There is no interval – the flow never interrupted, the pacing excellent. A strong thought-provoking message seamlessly segued into a routine that lightens the mood.
Midsumma Festival is an annual celebration of queer, intersex, transgender, bisexual, lesbian and gay culture, held during January and February in Melbourne and the all-star Irish cast of RIOT a perfect example of the essence of Midsumma written by self-proclaimed Queen of Ireland, Panti Bliss aka Rory O’Neill, and Emmet Kirwan, actor, playwright and poet.
Panti a drag queen and gay rights activist from Ballinrobe, County Mayo, Ireland and one of the many Marriage Equality champions who helped the campaign here to achieve success despite the ridiculous and expensive postal vote conservative politicians forced on Australia.
Panti wrote much of the original text of RIOT with Emmet Kirwan and also wrote her 2017 one-woman show High Heels in Low Places, plus Woman In The Making: Panti’s Memoir.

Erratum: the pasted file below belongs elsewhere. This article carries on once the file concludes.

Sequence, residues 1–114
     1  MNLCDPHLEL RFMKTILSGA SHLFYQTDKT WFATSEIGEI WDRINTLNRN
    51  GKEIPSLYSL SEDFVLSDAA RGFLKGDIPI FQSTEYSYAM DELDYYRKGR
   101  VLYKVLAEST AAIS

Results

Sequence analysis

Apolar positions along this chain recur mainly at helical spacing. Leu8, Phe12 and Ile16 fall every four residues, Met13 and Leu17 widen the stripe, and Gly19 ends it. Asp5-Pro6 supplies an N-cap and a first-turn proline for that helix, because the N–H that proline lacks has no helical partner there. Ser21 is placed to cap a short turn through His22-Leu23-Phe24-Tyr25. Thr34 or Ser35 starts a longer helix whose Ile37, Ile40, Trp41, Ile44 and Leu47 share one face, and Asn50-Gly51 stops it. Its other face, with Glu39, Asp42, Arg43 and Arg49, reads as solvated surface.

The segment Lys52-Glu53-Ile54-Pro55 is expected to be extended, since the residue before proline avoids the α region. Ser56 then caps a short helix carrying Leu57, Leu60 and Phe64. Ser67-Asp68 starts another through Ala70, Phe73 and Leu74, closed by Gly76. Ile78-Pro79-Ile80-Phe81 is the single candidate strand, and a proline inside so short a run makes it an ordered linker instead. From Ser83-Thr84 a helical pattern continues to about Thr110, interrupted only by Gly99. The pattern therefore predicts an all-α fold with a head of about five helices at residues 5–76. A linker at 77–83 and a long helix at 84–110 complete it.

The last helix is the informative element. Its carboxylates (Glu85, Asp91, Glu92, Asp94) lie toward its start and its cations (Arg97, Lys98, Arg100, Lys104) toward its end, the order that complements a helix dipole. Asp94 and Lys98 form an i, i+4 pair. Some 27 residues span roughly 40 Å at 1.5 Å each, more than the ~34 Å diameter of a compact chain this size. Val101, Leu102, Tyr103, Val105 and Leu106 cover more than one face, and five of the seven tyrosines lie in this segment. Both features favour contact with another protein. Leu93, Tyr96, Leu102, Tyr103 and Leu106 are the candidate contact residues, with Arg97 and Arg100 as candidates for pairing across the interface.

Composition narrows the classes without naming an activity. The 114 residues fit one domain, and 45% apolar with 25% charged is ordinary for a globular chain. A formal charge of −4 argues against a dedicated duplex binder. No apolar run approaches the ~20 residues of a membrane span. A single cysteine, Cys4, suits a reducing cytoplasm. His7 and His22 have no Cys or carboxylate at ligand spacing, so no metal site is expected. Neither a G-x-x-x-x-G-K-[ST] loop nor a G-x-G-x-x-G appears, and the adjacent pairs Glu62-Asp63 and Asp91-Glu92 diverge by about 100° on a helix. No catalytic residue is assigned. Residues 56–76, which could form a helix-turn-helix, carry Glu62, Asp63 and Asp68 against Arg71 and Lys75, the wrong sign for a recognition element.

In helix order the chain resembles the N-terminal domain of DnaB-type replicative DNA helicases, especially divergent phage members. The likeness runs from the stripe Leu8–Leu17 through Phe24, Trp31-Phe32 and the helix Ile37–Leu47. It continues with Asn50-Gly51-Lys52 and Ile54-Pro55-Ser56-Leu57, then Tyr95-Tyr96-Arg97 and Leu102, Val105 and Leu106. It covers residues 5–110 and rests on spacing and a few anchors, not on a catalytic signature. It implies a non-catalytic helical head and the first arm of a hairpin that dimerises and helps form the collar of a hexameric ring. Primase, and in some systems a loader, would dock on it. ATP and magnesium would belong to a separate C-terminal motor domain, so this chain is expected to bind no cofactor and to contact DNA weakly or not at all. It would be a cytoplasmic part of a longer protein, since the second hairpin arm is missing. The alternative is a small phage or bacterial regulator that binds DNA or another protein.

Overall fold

The opinion that art should have nothing to do with politics is itself a political attitude.
But RIOT isn’t just for minorities or pushing one political barrow. It is a show about being human, about acceptance and tolerance, about social justice, equity and most of all about love and hope for a better world. We can all be the catalysts for change.
The 80s music and song and dance routines with Panti’s patter reminiscent of the intimacy of the club scene.
The spoken word poems powerful and mesmerising like many slam poetry gigs but throw in Britain’s Got Talent semi-finalists Lords of Strut – aka Cian Kinsella and Cormac Mohally with clowning acrobatics, juggling, dancing and patter, add former Gaelic football player Ronan Brady turned aerialist extraordinaire, and you have a carnival of unforgettable talent.
As a writer, I paid close attention to the spoken word segments, especially Heartbreak about a teenage girl getting pregnant performed by Kate Brennan.
In a few powerful words we learn the choice or lack thereof in Ireland regarding contraception and abortion, the attitudes of family, society, church and state, the challenges girls face struggling to raise a child alone and the teenage perspective on parenting and the future.